During my life I have met some incredibly intelligent people always trying to impress me or teach me something. The one man who did none of these is the one that made an everlasting impression deep in my heart.
This is the story of Paul, he was much older than me so naturally being a young boy I was driven towards him as a father figure. Learning about everything from a common Stag Beetle to what plants we can eat and ones to stay away from. His method of teaching was to this day not matched by anyone in my life, partly because of who he was becoming to me.
Walks and hikes at the old Asylum lake happened every chance we got and I remember thinking one day “are we ever going to run out of things to lean about”. The answer is no, every rock had something new and every tributary a new lesson to be learned.
Paul was very active in our community church and Sunday was a day of Sabbath in his home. Going to church, lunch/dinner and a night of swinging together on the front porch swing talking about baseball and how Mallard ducks mate for life was a typical Sunday. You see “I believe” Paul had what we call today as ADD and having this issue myself our conversations were for our ears only, due to the fact that Sue could not keep up with the fast jumping from one topic to another. So begins the rebuilding of a once broken family and learning how to trust again.
I never felt second class or lesser in the eyes of Paul and Sue; in reality I was everything to them, like a couple that prayed for a child but never one of their own and the entire time knowing they had may other children, I felt it to be more of a blessing to be wanted by someone that had previously raised children. I was wanted, I was loved and it was not forced by the courts that they took me in; it was the kindness of their own hearts.
After many years I began to feel like a normal child not an abandon child and just as fast as it came a slow change began to take over. With the feelings becoming more and more uncomfortable I began to separate from them, weeks turning into months and months to years I began to get a feeling that something was not right in the house, like a feeling of déjà vu a small separation began to create a large wedge between all of us and I began to stay away longer and longer and stay with friends more and more. Going back to visit once and a while and not for very long, many years went by and we did not talk. I began to live my own life and doing my own thing.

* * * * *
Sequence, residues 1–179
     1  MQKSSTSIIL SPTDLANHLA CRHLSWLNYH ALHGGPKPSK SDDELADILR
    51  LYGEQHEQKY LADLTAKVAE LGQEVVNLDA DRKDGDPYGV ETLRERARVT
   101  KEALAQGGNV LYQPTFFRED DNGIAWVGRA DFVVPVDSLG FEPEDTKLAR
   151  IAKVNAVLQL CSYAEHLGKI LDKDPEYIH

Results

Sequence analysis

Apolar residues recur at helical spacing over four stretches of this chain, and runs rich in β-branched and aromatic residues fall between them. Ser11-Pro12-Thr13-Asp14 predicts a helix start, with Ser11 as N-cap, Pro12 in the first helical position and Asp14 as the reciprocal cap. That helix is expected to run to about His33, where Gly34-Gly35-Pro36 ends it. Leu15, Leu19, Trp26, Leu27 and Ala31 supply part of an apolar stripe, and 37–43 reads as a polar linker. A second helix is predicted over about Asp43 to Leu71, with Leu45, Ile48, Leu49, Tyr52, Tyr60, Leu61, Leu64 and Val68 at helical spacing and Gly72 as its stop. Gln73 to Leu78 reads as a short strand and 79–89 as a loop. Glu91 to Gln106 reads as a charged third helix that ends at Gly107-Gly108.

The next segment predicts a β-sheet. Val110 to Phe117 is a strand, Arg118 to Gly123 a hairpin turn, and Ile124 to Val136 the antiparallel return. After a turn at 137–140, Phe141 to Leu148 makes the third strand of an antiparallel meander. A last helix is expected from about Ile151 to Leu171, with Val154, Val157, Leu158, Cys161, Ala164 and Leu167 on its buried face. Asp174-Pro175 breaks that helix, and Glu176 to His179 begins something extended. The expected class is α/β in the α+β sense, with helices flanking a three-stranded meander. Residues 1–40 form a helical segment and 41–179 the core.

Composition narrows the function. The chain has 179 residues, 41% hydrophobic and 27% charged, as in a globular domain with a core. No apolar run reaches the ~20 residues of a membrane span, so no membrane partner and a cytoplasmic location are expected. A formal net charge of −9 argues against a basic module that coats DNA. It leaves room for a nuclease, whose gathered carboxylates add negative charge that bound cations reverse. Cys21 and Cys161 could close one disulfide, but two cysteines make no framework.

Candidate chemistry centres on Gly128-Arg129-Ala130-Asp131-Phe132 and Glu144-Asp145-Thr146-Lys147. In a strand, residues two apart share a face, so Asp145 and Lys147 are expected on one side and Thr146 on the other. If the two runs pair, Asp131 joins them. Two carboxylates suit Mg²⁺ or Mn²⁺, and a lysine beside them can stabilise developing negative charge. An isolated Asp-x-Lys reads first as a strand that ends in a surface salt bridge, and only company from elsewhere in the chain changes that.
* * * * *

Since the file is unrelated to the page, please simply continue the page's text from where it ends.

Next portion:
In the late 90’ Paul had been diagnosed with Alzheimer’s, this was the beginning of the “nothing would ever be the same” feeling, once again my family was becoming broken. Paul was in a nursing home for many years suffering from Alzheimer’s until 2012 when he passed away from the disease. One of my brothers, my father and two uncles came from their lives and from all over the us to meet in Michigan and take his remains to his childhood neighborhood cemetery in a very small town in south IN to put him to his final rest. I put a piece of me in the ground that day as we stood next to one another remembering our story of the man named Paul.
Paul was not simply a man in my life he was my grandfather and he was for most of my early childhood my father, friend and life coach. To many others they will remember him for who he was to them good or bad I choose to remember Paul for the man he was to me.